Eagles' rookie cornerback Rasul Douglas ready to fill in for Ronald Darby vs. Chiefs

Eagles' rookie cornerback Rasul Douglas ready to fill in for Ronald Darby vs. Chiefs

Rasul Douglas, standing at his locker Wednesday, was asked how much he's improved since the start of training camp, and he made a sound kind of like, "Pfffshew."

Then he shook his head and said, "No comparison."

Douglas, the Eagles' rookie third-round cornerback from West Virginia, will likely make his NFL debut Sunday when the Eagles face the Chiefs at Arrowhead Stadium.

Douglas was inactive for the win over the Redskins, but with Ronald Darby out for at least a month with a dislocated ankle, there's a good chance Douglas will play a significant role this weekend.

"I'm ready," he said. "When I came here, I was all over the place. Wasn’t technique sound. Now I got a lot better. Cory (Undlin, secondary coach) has worked with me, the guys in the room have worked with me, I’ve worked with B-Dawk after practice, worked with a lot of guys after practice, so I’ve just gotten better since I’ve gotten here."

When Darby went down early in the second quarter in Washington, defensive coordinator Jim Schwartz moved slot corner Patrick Robinson outside and used a combination of Jaylen Watkins and Corey Graham in the slot.

Schwartz wouldn't reveal his plan for Sunday, but he could use that lineup again, or he could leave Robinson in the slot, where he's grown comfortable since moving inside a few weeks ago and use Douglas outside.

Or Robinson and Jalen Mills could start outside and in nickel, Robinson would move inside and Douglas would move outside.

There are a lot of possibilities and most of them involve some sort of role for Douglas.

"He's an improving player," Schwartz said. "He made a lot of strides from the beginning of training camp until the end of training camp. Like a lot of rookie players, it slowed down at some point for him. Early on he was inundated with all the new things and everything else, and then at the end, it was able to go a little bit slower for him.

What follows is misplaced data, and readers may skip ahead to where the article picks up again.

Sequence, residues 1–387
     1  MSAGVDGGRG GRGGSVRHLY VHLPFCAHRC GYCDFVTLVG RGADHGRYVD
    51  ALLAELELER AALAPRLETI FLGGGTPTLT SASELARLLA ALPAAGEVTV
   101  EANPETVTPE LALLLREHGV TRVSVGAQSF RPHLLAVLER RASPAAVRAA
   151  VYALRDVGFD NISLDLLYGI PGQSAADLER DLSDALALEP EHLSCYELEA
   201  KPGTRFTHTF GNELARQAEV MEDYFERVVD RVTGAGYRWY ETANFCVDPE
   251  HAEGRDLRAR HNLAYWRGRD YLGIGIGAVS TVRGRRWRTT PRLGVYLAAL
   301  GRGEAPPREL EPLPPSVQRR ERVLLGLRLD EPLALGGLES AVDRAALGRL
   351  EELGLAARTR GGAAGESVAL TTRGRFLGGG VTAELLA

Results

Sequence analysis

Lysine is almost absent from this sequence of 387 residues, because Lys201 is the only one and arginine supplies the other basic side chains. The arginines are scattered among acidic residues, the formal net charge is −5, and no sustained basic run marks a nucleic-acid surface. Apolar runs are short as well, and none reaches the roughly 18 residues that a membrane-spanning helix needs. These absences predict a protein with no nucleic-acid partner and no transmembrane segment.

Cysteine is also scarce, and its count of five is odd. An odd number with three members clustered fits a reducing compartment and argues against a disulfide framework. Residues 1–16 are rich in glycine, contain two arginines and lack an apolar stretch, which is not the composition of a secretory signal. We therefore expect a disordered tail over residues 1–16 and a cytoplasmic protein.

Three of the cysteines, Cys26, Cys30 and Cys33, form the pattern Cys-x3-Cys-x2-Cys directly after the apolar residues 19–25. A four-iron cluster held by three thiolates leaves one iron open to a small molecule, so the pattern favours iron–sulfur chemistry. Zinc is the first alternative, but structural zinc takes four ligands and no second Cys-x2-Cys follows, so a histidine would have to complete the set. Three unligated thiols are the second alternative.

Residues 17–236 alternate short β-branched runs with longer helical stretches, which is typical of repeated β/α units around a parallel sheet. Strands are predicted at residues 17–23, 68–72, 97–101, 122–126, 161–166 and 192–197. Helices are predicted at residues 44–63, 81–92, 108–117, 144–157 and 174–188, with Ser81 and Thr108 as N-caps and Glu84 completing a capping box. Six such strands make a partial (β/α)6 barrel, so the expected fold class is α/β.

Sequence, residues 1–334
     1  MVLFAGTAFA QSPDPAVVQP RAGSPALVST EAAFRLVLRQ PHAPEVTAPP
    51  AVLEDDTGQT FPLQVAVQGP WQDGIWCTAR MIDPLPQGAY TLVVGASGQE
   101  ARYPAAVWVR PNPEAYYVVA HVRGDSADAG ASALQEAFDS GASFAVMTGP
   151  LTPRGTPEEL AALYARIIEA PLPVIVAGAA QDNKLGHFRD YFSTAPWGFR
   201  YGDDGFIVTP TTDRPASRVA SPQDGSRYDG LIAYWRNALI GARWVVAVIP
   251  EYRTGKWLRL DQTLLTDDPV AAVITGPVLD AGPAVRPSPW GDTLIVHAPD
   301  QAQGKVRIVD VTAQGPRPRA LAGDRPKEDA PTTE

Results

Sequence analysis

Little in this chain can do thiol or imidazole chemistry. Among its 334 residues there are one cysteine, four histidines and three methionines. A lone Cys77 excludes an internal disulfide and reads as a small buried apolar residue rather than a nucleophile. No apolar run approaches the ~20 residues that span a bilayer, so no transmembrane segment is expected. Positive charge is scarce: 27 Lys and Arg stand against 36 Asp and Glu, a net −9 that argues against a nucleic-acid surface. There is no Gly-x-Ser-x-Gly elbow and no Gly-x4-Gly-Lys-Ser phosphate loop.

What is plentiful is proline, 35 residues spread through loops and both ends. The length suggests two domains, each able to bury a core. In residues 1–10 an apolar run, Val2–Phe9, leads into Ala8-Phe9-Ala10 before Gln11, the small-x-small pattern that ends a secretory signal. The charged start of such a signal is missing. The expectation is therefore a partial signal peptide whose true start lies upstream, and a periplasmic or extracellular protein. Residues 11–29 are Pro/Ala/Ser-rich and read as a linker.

"Very competitive. You saw that in the preseason games. He's long, he can get his hands on the football and he's tough. He'll tackle. I thought he had a very good training camp after a slow start."

You could see Douglas get better with each passing week. But his projected role definitely took a hit when the Eagles went out and acquired Darby in the Jordan Matthews trade on Aug. 11.

He said Brian Dawkins, who is in the Eagles' scouting department, had some valuable advice for him.

"Just picking his brain is great," he said. "Pro Bowl guy, one of the best safeties to ever play the game. 

"He told me always understand the 'why.' 'Why does Schwartz call this defense or why are you playing outside leverage and not inside leverage,' stuff like that."

Douglas also has the luxury of a Pro Bowler with a Super Bowl ring in the meeting room every day in Malcolm Jenkins.

"Malc helped me learn that when the offensive guys are coming out of the huddle, see route concepts or what they might run or who’s coming out to your side and what route does he always run and things like that," he said.

"So when I get into my stance, I have a glimpse of what’s going on or what’s about to happen."

Douglas' career arc has paralleled Mills' in a lot of ways. Mills did play last year in the opener, but only 12 snaps on defense. But he went on to average 43 snaps after that, and by the end of the year, was a pretty solid cornerback.

Mills is now a starter and has been impressed with Douglas's improvement.

“He’s a lot better," he said. "Coming to OTAs, you see him kind of confused, not really sure of himself. Then, in camp, you see him breaking up passes. Even in preseason, he could have had two pick-sixes. You just see him developing and growing. 

"Me, being in that same spot last year, I kind of smile in the background and tell him good job here and there, but he’s grown, for sure. …

"He's 6-2, big aggressive guy, like to make plays on the ball. He did that at West Virginia and he’s doing it here. He’ll be ready if he gets a chance to go out there."

And if he gets beat? Like every young cornerback gets beat at some point?

“Just tell him you’ve got to trust yourself, regardless," Mills said. "Those guys get paid to catch the ball. If they catch the ball, good one. One for the bad guys. 

"But you’ve got to pick yourself up and go play the next play."

Eagles hoping no-risk, high-reward veteran signings can rekindle past success

Eagles hoping no-risk, high-reward veteran signings can rekindle past success

When you’re in salary cap hell, you have to be creative when building a roster.

And one tactic Howie Roseman used when putting together the Eagles team that begins training camp Thursday is signing a handful of no-risk, high-reward guys.

Players trying to revive their careers. Players trying to reclaim past glory. Players running out of chances.

These are no-risk, high-reward guys. They could become contributors, but if it doesn’t work out? The Eagles can release them before the season with modest or no cap ramifications.

When you’re in salary cap hell, you can’t sign all the free agents you want. So you sign the free agents that you can. And you do that by signing players nobody else wants. Guys with no leverage.